I’m writing this on the Sunday (24th January) after my first full week at work and already I can’t believe that five full days have passed.
I felt like a nervous schoolgirl on the day before term started last Sunday night: I polished my new shiny black ‘work shoes’, I packed my lunch things and I swapped all my things into my ‘work handbag’ (ie. more or less the same as my normal handbag, but with more space for my book for the commute!)
The 5.45am alarm was pretty painful on Monday morning, but I didn’t want to miss the start of my Induction under any circumstances. As is my wont as a previous resident in Germany, I was embarrassingly early, so I went and checked out the amazingly cheap coffee bar and flicked through all the paperwork I’d been sent, to make sure I hadn’t forgotten anything.
The HR induction lasted for most of the morning, with various members of staff coming in to talk about all the essentials like Payroll, Pensions, Group IT and, importantly, the Social Committee. We then had a little tour of the building, including the new gym in the basement, had truly awful photos taken for our security passes, and were then picked up from Reception by our managers.
It was nice to see the friendly Scottish face of my manager C, who showed me the new route I’ll take every day to my desk. I am working within the huge division that is English Language Teaching on the Adult sub-team that falls within the wider Digital Delivery team. We sit alongside the Spain, Primary and Secondary Digital delivery teams in the same open-plan office as our corresponding Content Production teams. I was introduced to my new colleagues and logged onto my new computer – first task of the new job is to get used to using two widescreen desktop PCs!
I had a lot of access problems in my first week, and it was reassuring to see that the chronic problem we had at T&F (the previous academic publishing house I worked at) of having lots of passwords for lots of different systems which don’t often like communicating with each other is a chronic publishing problem! I saw it as a challenge: how many of the access issues could I fix myself without crying help to the ‘emergency’ email address that IT set up especially for new starters like me! I think I did quite well, and by the end of the week, most things were working.
I spent the majority of the week familiarising myself with the projects and products I’ll be working on – from the in-house system used to make the software we sell for interactive whiteboards to the workflow for the successful eBook learning app that we have. I signed up for a tonne of training sessions in skills I’ll need to be halfway decent at my job, like Microsoft Project, Visio and my old friend Excel. I also completed the incredibly non-essential job of adding some special touches to my new desk, as you can see in the photo 🙂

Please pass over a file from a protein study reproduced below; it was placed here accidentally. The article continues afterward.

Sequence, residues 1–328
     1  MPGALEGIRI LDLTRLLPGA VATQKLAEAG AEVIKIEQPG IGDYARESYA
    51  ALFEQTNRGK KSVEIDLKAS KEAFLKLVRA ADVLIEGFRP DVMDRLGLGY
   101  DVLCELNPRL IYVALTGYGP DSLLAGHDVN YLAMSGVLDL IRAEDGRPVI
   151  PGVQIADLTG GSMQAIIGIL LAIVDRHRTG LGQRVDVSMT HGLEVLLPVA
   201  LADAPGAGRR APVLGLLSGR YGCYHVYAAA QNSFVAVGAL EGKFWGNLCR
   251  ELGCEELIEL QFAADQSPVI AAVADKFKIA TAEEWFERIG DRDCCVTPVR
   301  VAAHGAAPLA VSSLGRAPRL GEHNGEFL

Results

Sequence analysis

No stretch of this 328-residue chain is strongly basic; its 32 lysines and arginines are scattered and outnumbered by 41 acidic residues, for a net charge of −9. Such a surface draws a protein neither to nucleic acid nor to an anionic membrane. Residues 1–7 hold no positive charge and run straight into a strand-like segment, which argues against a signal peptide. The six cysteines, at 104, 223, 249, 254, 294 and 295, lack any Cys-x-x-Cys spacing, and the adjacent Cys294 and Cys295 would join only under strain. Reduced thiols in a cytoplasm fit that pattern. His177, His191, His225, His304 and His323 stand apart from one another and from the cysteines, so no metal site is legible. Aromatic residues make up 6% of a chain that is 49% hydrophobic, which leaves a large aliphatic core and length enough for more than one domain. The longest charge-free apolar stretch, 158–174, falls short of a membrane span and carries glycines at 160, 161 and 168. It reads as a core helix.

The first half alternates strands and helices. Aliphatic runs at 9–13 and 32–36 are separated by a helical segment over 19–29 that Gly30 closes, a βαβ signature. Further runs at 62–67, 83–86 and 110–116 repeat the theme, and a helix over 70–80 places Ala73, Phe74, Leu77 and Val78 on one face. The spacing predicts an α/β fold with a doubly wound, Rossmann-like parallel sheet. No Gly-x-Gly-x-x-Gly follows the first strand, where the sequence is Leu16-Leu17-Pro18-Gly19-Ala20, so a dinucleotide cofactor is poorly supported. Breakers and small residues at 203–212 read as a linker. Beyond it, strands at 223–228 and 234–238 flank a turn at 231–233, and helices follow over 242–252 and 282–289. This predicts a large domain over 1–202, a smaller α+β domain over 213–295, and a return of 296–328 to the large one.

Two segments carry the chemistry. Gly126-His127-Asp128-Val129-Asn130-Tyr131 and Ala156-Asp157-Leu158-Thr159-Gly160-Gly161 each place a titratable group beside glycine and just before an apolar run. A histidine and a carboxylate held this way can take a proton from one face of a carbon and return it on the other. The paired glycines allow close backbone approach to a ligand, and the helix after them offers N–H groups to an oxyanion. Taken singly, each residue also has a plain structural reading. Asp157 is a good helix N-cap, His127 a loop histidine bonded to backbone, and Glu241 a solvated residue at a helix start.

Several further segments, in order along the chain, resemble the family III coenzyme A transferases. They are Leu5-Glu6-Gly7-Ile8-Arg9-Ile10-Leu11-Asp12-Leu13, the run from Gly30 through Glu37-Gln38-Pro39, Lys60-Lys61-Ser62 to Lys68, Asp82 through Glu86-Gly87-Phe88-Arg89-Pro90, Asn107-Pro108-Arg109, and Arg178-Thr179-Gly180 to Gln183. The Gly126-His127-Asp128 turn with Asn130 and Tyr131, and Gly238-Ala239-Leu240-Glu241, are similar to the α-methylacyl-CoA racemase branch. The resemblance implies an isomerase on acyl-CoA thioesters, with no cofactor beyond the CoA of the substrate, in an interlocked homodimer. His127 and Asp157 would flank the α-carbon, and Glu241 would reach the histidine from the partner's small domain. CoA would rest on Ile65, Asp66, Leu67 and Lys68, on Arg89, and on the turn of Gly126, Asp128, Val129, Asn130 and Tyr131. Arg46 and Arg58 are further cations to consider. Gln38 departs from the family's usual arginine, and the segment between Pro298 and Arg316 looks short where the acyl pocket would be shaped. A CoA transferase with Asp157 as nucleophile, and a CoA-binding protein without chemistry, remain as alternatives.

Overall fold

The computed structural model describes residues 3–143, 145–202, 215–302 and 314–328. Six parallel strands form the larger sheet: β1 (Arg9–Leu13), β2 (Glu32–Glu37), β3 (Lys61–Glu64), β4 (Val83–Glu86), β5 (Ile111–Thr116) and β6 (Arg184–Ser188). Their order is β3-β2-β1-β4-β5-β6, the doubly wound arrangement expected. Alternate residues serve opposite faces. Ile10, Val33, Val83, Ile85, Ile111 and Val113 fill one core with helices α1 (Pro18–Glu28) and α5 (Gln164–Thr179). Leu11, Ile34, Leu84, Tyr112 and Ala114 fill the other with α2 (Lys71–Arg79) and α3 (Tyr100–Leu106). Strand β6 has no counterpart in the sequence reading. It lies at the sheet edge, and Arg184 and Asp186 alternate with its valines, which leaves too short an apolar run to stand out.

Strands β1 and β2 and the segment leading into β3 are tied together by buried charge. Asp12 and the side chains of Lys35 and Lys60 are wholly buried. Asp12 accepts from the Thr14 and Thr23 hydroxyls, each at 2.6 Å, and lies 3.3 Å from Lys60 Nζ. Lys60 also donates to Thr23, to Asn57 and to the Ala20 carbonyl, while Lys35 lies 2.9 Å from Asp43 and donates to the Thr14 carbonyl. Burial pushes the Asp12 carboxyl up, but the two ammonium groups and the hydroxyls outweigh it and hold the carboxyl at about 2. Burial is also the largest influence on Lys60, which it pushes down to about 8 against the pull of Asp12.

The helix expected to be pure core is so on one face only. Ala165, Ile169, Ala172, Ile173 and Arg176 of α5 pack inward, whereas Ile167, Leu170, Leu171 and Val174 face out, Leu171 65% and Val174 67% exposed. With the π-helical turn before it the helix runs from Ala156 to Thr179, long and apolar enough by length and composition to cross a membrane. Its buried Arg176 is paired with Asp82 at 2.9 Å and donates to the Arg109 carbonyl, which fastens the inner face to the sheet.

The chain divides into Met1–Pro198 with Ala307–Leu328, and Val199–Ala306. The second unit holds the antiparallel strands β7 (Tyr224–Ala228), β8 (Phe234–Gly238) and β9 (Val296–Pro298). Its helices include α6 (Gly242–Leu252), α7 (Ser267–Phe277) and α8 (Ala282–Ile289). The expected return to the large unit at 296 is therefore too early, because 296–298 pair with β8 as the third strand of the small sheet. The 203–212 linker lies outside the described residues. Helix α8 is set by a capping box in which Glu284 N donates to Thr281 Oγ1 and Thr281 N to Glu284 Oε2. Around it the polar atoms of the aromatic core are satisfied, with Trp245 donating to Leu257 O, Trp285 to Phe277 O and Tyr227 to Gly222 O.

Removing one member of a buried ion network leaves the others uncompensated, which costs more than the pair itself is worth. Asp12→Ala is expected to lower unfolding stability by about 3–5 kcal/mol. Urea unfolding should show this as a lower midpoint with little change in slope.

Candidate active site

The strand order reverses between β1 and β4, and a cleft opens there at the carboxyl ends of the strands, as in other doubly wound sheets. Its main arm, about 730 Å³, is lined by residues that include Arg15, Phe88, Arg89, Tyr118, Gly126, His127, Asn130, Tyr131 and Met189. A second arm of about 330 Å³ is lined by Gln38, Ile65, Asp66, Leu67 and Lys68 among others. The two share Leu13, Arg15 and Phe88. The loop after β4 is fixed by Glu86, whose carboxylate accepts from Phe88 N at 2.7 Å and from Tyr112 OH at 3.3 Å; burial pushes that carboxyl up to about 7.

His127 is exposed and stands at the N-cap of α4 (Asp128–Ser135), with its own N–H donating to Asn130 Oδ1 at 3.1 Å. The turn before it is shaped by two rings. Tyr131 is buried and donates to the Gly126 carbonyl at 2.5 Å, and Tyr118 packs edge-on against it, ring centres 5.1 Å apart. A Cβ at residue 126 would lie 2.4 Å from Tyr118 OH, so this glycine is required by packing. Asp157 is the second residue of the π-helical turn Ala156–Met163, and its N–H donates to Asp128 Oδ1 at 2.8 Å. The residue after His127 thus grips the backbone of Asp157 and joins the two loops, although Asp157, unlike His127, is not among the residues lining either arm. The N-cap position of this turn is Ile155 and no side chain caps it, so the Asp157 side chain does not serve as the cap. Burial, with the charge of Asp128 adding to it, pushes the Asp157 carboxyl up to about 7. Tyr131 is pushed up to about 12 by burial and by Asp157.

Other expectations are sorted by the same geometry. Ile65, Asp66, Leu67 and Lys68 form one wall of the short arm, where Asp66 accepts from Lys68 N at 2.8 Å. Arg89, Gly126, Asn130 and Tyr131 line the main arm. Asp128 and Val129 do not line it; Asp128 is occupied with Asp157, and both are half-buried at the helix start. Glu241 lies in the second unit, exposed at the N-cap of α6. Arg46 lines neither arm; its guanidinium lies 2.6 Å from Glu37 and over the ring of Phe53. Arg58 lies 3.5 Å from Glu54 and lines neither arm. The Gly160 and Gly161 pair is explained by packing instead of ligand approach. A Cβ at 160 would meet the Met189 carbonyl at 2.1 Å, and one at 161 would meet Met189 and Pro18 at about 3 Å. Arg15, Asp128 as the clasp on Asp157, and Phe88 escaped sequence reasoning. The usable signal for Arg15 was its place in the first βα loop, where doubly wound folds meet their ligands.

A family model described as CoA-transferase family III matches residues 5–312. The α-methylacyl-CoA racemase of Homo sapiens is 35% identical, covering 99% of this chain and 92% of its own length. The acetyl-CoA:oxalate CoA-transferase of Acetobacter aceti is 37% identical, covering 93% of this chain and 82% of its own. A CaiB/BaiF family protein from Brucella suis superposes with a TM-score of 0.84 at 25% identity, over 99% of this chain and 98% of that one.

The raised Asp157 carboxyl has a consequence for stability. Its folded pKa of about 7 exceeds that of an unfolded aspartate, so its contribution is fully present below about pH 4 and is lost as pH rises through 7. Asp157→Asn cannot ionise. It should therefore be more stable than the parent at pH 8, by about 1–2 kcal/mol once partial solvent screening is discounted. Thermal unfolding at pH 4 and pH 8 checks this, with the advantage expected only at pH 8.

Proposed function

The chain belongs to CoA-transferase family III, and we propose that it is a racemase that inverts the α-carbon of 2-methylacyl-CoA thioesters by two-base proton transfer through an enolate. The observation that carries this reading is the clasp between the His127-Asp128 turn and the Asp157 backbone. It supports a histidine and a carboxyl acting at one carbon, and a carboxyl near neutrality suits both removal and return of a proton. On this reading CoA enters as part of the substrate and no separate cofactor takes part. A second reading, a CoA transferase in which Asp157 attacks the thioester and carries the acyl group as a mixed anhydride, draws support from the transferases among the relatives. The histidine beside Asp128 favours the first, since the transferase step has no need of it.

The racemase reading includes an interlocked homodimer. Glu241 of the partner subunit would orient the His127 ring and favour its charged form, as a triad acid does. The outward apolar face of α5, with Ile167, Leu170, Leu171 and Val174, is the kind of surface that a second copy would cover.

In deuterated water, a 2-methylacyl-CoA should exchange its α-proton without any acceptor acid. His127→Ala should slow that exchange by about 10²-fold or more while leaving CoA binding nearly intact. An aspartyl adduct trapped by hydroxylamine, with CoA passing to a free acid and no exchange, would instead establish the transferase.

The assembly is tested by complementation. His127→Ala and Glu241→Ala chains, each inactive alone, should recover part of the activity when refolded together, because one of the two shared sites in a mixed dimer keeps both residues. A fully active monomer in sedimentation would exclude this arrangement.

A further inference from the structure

In addition to the compulsory training, I also stumbled upon an internal course online all about ELT Methodology, which was designed so that staff with no ELT background can understand the pedagogical concepts underpinning the layout and design of our coursebooks. For geeky old me, it was like a test to see how much of the CELTA I could remember! I definitely learnt some new things though, like the term ‘principled eclecticism’ to talk about the latest approach to teaching, whereby teachers mix a bit of all the various famous approaches together and tailor it to their students. It’s definitely what I used to do in Berlin, but I didn’t realise it had an official name!
There were also some nice lunches with new colleagues – of course, I’ve found the only German in my whole office, and we had a delightful plate of fish and chips (including mushy peas!) for the amazing price of £4. I’ve also met up with one of the girls I did induction with, who is working in the Global Academic Division in Science Editorial, so it’s been interesting to hear how Editorial roles at OUP differ from their equivalents back at T&F.
Comedy relief for my first week came in the form of my struggle to not shake the hand of every new person I met, Germany-stylee…. Cue lots of awkward hand movements, as I realised too late that nobody in England does that, and I then had to pretend to play with my hair or my dress.
To be perfectly honest, the whole week was a blur of cups of tea and coffee as I tried to get used to sitting in front of two widescreen monitors for 7 hours a day again, as well as meeting a heap of new people, learning a bunch of new acronyms and navigating my way around a giant building with an early 19th century shell and a 21st century interior! It’s great to be back in a routine, but fingers crossed it all starts to make a bit more sense next week!